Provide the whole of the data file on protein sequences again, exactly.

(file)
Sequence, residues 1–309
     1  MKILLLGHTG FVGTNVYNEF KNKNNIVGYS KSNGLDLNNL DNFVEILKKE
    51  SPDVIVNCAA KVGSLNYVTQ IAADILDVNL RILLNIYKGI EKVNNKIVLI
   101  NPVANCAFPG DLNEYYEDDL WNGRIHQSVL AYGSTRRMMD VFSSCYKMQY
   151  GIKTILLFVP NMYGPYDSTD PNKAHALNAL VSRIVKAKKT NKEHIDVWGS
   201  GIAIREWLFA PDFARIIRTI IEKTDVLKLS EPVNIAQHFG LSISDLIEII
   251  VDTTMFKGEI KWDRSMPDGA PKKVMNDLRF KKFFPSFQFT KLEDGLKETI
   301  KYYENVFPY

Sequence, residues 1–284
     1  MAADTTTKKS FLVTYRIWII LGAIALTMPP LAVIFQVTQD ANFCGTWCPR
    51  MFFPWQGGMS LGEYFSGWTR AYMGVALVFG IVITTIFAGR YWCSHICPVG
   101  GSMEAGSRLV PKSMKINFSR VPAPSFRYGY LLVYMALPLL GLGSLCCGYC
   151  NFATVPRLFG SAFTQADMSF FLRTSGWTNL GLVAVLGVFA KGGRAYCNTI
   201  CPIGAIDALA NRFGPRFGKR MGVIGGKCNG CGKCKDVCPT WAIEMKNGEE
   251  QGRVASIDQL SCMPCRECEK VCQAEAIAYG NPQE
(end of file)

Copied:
Sequence, residues 1–309
     1  MKILLLGHTG FVGTNVYNEF KNKNNIVGYS KSNGLDLNNL DNFVEILKKE
    51  SPDVIVNCAA KVGSLNYVTQ IAADILDVNL RILLNIYKGI EKVNNKIVLI
   101  NPVANCAFPG DLNEYYEDDL WNGRIHQSVL AYGSTRRMMD VFSSCYKMQY
   151  GIKTILLFVP NMYGPYDSTD PNKAHALNAL VSRIVKAKKT NKEHIDVWGS
   201  GIAIREWLFA PDFARIIRTI IEKTDVLKLS EPVNIAQHFG LSISDLIEII
   251  VDTTMFKGEI KWDRSMPDGA PKKVMNDLRF KKFFPSFQFT KLEDGLKETI
   301  KYYENVFPY

Sequence, residues 1–284
     1  MAADTTTKKS FLVTYRIWII LGAIALTMPP LAVIFQVTQD ANFCGTWCPR
    51  MFFPWQGGMS LGEYFSGWTR AYMGVALVFG IVITTIFAGR YWCSHICPVG
   101  GSMEAGSRLV PKSMKINFSR VPAPSFRYGY LLVYMALPLL GLGSLCCGYC
   151  NFATVPRLFG SAFTQADMSF FLRTSGWTNL GLVAVLGVFA KGGRAYCNTI
   201  CPIGAIDALA NRFGPRFGKR MGVIGGKCNG CGKCKDVCPT WAIEMKNGEE
   251  QGRVASIDQL SCMPCRECEK VCQAEAIAYG NPQE